The main problem (well, aside from the fact that Virtudyne's Office Killer was a joke compared to any office suite) was that the contract called for a product that would replace Microsoft Access. In fact, it was a major selling point: the sales VP gave a demo of a product that didn't exist.

It fell on Rob Graves and a handful of other developers to create an application in two weeks that would "allow users with no database and minimal computer knowledge to: build applications; add users and groups to access the application; set security at the form-, record-, and field- level;" and so on. Rob is embarrassed to report that they actually managed to deliver a completely useless application that met every word in the ambiguous requirements to technically fulfill the contract.

None of tha mattered, though. Employee morale was at an all time high and things were finally starting to look good. It only took three and half years and nearly $150M dollars, but they finally made eight and half million dollars. Unfortunately, the sale also brought something else to the Virtudyne: paranoia.

Junior held a company-wide meeting to discuss a very serious issue: Microsoft was onto them. They were shaking in their boots and saw Virtudyne as a major threat. They would stop at nothing to get their grubby hands on the product and might even try to steal the source code. Of course, at that point, about half the people at Virtudyne realized that all one would have to do to "get their grubby hands" on their Microsoft Office Killer was to go into any of The City's public libraries and ask for an installation disk. Obviously, Junior wasn't in that half.

Within days, Junior ordered cameras to cover every square inch of the Virtudyne facility. Fingerprint scanners were installed at every door, both inside and out, and full-time security guards were placed at key locations throughout the building. All exterior windows were covered with a translucent film to prevent Microsoft from peeping in and, just to be safe, computer monitors could no longer face outside windows. Key employees were issued with special pagers that allowed them to discretely press a button to alert the private investigator if they found themselves being followed by Microsoft's white vans.

The draconian security measures didn't help the recent boost in employee morale. In fact, over the next year, employee morale sunk to an all-time low, leading to a mass exodus from the company. Key employees were dropping like flies and all Junior would do to maintain headcount was to hire more employees.

Eventually, Junior struck a good balance between tight security and employee indifference and managed to stabilize the loss. Unfortunately, that didn't help business much. Almost two years had passed since the single sale to The City and Virtudyne couldn't even give away their product. It's hard to say whether it was the terrible product itself or the fact that the Virtydune's contract with The City sparked a state-wide scandal with accusations of impropriety going all around.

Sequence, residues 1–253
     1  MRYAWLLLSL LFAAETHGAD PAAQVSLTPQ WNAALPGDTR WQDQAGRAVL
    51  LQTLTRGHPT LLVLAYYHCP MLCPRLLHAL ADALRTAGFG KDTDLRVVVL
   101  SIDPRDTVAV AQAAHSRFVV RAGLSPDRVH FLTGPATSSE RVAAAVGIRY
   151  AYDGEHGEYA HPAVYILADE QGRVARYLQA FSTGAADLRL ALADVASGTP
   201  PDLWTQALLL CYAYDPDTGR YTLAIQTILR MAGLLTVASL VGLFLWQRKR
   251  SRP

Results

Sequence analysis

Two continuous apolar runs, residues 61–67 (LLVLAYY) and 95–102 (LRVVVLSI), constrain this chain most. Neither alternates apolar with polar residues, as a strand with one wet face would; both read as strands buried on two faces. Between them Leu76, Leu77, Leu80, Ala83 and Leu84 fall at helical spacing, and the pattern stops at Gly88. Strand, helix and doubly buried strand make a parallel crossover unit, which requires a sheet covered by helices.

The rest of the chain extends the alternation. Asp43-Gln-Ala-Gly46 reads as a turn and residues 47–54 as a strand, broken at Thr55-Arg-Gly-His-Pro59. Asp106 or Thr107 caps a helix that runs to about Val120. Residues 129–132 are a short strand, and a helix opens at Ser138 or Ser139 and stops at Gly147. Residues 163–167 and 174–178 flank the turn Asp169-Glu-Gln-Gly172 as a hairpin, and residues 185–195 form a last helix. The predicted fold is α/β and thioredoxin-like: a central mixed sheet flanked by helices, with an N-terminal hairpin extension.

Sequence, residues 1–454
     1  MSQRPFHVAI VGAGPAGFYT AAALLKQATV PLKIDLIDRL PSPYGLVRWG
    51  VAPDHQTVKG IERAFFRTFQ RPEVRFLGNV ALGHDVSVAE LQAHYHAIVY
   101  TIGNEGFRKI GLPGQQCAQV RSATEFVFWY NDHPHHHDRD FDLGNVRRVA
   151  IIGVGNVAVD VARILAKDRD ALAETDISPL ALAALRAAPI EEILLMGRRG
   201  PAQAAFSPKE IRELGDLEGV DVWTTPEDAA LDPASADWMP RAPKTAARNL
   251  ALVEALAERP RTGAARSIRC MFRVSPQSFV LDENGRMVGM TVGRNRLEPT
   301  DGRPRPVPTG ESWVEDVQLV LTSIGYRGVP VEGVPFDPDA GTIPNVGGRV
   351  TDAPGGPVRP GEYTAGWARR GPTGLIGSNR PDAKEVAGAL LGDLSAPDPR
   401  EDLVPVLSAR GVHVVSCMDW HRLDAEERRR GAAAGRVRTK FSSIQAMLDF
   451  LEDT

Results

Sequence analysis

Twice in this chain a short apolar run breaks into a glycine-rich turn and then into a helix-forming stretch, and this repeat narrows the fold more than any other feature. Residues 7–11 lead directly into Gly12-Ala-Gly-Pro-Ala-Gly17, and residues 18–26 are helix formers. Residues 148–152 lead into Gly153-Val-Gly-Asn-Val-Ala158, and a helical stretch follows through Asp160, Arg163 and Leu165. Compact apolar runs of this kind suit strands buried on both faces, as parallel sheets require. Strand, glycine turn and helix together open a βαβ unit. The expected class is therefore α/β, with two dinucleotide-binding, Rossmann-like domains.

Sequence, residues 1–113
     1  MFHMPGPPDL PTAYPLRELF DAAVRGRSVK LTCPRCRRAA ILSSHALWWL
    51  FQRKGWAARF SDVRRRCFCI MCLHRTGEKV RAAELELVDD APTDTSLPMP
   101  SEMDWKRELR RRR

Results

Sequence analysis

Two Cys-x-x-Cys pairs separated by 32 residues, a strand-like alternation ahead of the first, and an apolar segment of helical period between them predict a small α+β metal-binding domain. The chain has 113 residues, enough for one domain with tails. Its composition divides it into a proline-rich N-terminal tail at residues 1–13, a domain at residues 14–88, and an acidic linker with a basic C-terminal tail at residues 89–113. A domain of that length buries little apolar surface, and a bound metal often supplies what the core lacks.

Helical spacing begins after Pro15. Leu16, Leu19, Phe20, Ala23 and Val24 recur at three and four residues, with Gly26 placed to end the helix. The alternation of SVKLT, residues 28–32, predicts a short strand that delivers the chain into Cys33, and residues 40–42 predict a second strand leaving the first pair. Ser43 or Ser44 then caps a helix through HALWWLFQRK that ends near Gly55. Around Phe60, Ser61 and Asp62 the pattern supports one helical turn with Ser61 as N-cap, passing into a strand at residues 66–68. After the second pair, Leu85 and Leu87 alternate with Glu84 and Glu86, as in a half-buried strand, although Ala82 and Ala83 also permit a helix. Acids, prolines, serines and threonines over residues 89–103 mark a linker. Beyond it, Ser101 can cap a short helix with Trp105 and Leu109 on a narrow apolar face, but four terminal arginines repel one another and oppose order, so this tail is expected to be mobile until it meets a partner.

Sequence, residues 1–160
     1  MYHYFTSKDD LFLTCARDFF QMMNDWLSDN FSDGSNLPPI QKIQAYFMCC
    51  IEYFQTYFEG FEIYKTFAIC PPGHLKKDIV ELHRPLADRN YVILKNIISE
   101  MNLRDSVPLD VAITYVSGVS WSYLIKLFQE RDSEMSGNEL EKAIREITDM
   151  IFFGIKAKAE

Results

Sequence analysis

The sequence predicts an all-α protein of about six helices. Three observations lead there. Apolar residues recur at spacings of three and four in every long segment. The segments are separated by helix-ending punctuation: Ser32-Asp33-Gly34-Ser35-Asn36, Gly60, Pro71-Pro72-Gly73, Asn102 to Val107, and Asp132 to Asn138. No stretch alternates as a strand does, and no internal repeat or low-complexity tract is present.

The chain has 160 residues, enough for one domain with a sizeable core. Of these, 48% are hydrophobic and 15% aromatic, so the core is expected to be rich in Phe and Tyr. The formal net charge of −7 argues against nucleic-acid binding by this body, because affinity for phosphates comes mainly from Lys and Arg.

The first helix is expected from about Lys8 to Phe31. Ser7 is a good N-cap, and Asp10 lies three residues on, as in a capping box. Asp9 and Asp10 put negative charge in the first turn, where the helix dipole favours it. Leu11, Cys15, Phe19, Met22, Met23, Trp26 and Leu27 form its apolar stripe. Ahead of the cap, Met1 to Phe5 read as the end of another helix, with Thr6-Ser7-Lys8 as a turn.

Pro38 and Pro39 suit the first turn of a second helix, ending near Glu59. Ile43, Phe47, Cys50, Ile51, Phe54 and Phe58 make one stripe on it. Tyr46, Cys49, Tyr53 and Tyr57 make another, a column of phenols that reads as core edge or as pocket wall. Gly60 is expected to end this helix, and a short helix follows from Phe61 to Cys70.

What Virtudyne needed was a new market. A market that hadn't heard of Virtudyne before. And preferably, one that wouldn't do any research before spending millions to license their product.

Part IV - The Digital Donkey

After three years of full-time employment at Virtudyne, Rob Graves finally decided to call it quits. Most of Rob's friends and family thought he was insane to leave a cushy job where he was making 30% more than he could anywhere else in town. But then again, most of his current and former coworkers thought he was insane for staying so long.

Virtudyne had blown through nearly $200,000,000 of investor capital over five years to develop their Microsoft Office Killer. All they had to show for it was a barely functional product with a small subset of Microsoft Office's features and a single $8.5M sale. And technically, they only collected $5.8M on the sale because their customer withdrew the contract.

The sales and marketing department were desperate for ideas. They literally couldn't give their software away; anyone with even the most basic knowledge of Google could find out how well Virtudyne's first customer worked out. No one wanted to be their second.

But just then, it dawned on the sales team. They needed to find a market where the Internet had not yet reached. In such a market, their office suite would develop interest and that interest would lead right in to sales. One of the executives knew exactly how to find and penetrate such a market. They would use The Digital Donkey.

The CEO was a bit skeptical at first, but eventually realized how great of an idea it was. It was the perfect plan to sell their product to a market that no one else has ever tapped before. He signed off on the project.

Virtudyne engineers were tasked with figuring out a way to attach a satellite dish, laptops, and solar cells to a donkey. This Digital Donkey would then take Virtudyne's software along with a satellite internet connection to disenfranchised villagers living in the rural parts of India. The villagers would then be able to surf the 'net and use Virtudyne's software suite to create documents and communicate with "God knows who."

Everything would go through Virtudyne's server and they would eventually start billing the local governments for usage. I think it goes without saying that, like virtually every idea coming from Virtudyne's management team, the Digital Donkey was a miserable failure.

Virtudyne's offices are still open to this day, but no one's sure for how long. They've slightly improved their product over the years and tried to sell it under many different names to many different people. But still, nothing seems to work. Rob keeps in touch with a programmer at Virtudyne and confirmed that, as of two or three months ago to this day, there has yet to be a second sale.